Shulchan Aruch O.C. 448:5 rules that chometz which is found in your home after Pesach, even if you nullified it, is forbidden. The Tur there (cited by Magen Avraham and Taz) explains that we are worried that a person will say he nullified it even if he didn't. This isn't a problem for those crumbs that you don't want anyways. But for that box of cheerios you were planning on enjoying, it's a problem.
There is another reason that could be used to explain why it would be forbidden to use your chometz after you nullified it. If you nullify your chometz and declare that you consider it to be like dirt, and then start munching on it 9 days later, it would be a little bit of a contradiction to your nullification of it. (I can't remember where I saw this idea explicitly, but it is similar to the idea (Taz O.C. 442:8) that if you eat chometz which is degraded enough to not require getting rid of it, אחשביה, you have given it importance and reinstated its negated status.)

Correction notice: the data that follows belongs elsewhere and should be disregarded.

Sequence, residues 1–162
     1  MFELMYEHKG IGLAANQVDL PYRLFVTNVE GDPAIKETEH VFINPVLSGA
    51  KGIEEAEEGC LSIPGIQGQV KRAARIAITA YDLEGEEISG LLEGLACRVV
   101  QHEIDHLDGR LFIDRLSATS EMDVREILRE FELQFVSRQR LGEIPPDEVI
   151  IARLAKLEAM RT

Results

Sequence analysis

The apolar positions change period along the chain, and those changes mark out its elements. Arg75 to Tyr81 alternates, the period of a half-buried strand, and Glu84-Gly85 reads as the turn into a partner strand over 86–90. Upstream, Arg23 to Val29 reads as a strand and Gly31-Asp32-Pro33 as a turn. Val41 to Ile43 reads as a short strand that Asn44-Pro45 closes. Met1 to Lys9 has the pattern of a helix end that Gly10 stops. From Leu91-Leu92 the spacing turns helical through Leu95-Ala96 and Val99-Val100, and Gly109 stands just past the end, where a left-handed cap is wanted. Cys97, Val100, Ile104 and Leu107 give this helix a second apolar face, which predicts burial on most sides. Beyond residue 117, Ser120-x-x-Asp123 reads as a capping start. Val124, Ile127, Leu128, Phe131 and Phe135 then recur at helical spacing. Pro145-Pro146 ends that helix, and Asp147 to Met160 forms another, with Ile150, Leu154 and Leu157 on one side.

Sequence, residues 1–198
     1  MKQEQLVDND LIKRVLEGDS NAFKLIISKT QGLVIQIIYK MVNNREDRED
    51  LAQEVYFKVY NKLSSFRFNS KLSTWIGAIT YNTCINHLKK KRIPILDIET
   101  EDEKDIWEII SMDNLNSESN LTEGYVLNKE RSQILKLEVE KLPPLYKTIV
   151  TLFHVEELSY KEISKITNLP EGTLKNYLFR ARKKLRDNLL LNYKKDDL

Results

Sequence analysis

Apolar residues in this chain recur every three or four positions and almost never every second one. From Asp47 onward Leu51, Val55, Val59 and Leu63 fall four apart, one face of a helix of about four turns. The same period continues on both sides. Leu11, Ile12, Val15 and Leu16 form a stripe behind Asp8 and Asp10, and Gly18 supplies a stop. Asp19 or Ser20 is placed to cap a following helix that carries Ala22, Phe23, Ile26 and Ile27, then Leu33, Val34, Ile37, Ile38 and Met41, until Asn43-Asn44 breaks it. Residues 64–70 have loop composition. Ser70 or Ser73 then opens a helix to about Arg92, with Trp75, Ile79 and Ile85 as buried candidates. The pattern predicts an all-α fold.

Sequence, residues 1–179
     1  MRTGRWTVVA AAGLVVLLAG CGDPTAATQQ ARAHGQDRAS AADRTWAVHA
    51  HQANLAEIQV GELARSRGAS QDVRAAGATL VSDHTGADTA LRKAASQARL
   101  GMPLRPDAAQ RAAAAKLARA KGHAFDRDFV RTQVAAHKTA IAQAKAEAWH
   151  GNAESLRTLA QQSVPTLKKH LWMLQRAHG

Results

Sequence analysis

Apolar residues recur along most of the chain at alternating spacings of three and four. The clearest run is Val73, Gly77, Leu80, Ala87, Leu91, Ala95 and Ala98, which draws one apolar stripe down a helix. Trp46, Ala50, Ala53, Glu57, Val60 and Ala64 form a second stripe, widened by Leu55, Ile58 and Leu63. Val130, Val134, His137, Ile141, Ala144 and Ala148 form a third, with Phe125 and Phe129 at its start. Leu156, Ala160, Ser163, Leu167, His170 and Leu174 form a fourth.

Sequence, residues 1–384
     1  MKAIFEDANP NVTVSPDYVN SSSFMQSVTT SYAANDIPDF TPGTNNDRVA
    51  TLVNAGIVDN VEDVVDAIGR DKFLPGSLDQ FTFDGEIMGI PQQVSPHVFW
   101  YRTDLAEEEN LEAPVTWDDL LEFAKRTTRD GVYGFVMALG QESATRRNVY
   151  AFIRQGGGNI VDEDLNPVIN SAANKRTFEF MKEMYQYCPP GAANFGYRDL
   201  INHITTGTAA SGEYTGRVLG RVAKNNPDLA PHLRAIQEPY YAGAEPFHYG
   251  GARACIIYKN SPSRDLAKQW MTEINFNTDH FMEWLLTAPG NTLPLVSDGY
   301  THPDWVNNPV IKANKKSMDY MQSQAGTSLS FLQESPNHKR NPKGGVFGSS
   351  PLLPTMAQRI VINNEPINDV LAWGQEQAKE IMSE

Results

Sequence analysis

If you sell your chometz, you don't have these issues.
Selling your chometz would certainly not be prevented by having done bittul according to many Rishonim. While Tosefos (Pesachim 4b s.v. mid'oraisa) seems to hold that bittul accomplishes hefker, the implication of Rashi (ibid, s.v. b'bittul b'alma) and the explicit claim of the Ramban (Novelae to Pesachim 4b) is that bittul does not effect hefker and you still own your chometz. As the Ramban explains it, with bittul you are declaring acquiescense to the Torah's prohibition of chometz and submitting to the Torah's removal of chometz from your ownership. This happens after your sale takes effect. According to this view, you can "nullify" your chometz and still have ownership until the Torah removes it from your ownership at the 6th (or, Rabbinically, 5th) hour.
You would still want to do bittul, either to fulfill the mitzvah of tashbisu according to those who hold it is a fulfillment of the mitzvah (Ramban novelae to Pesachim, among others), or just to fulfill the Rabbinical enactment.